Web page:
(This interview previously appeared in Development)
This August, the Society for Developmental Biology (SDB) held their annual meeting in Albuquerque, New Mexico, USA, jointly with the Japanese Society of Developmental Biologists (JSDB). The JSDB has recently increased their international profile under the presidency of Dr Shinichi Aizawa from the RIKEN Center for Developmental Biology (CDB). We caught up with him at the SDB/JSDB joint meeting to discuss the projects that the JSDB has been undertaking under his leadership to expand the activities of the society beyond the borders of Japan.
What are you working on at the moment?
I’m interested in head development, specifically focussing on questions ranging from anterior-posterior axis formation to the early regionalisation of the brain. I have generally used a mouse genetics approach in this work, but I have also become interested in phylogenetic aspects, and am working with non-model animals such as Suncus, pig, gecko, soft-shelled turtle and the lobe-finned fish Polypterus.
How long have you been President of the Japanese Society of Developmental Biologists?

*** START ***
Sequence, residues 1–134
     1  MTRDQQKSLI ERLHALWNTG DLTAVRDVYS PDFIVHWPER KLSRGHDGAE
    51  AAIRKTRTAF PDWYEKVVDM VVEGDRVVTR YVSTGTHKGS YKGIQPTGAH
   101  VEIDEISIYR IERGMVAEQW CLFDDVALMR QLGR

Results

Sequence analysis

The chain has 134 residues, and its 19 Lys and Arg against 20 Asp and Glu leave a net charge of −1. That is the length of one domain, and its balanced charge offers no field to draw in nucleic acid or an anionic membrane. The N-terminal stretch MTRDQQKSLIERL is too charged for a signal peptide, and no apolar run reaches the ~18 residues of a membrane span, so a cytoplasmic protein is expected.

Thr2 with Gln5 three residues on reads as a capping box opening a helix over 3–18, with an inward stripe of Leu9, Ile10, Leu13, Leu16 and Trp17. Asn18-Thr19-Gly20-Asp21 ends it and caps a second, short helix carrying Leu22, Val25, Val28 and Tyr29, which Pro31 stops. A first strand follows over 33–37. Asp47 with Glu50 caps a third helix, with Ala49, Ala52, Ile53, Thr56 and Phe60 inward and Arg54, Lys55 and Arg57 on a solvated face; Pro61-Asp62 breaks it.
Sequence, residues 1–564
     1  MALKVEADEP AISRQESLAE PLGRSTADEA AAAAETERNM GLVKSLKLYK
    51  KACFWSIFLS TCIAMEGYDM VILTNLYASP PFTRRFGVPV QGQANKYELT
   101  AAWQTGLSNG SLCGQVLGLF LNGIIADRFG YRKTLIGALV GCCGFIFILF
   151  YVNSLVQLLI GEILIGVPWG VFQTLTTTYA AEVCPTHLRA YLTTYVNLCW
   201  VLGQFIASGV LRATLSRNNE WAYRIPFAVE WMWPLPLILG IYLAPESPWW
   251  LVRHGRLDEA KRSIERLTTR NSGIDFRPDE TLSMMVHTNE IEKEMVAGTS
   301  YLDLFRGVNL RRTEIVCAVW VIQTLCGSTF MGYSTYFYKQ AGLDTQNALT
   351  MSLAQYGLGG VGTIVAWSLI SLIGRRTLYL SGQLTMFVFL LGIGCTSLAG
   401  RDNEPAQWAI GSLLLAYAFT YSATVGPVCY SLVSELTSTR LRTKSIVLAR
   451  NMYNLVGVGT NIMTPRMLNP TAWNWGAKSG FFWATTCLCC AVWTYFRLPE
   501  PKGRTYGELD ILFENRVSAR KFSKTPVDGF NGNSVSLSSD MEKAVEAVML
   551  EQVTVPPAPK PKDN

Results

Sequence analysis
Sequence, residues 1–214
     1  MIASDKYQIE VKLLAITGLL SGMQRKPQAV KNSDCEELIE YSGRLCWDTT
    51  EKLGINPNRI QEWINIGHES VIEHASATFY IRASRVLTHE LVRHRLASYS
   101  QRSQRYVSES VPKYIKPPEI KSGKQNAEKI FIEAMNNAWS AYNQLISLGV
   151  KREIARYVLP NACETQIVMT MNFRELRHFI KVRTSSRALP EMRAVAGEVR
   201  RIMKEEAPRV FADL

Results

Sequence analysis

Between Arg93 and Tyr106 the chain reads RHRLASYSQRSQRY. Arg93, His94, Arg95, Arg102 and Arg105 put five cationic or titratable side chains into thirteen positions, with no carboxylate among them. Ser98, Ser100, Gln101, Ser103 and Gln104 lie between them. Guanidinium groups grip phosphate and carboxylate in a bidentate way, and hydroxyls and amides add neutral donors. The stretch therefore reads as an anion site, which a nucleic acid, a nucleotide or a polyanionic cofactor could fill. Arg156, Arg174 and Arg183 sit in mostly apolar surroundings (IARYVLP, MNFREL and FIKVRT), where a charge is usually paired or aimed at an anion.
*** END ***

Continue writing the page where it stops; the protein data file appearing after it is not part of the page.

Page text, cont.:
I’ve been president for four years. At our society, the president of the society and chairman of each annual meeting are two separate positions. The president and board (14 members) are elected by the members of the society, and their terms last for up to four years. The president nominates the chairman of the annual meeting with the agreement of the board members. I understand that this is different from the structure at the SDB, where the society president is also the head of the annual meeting.
How old is the JSDB?
The society was founded in 1968, and we currently have approximately 1400 members. More information can be found on the JSDB web site.
Do you have an annual meeting that all members attend?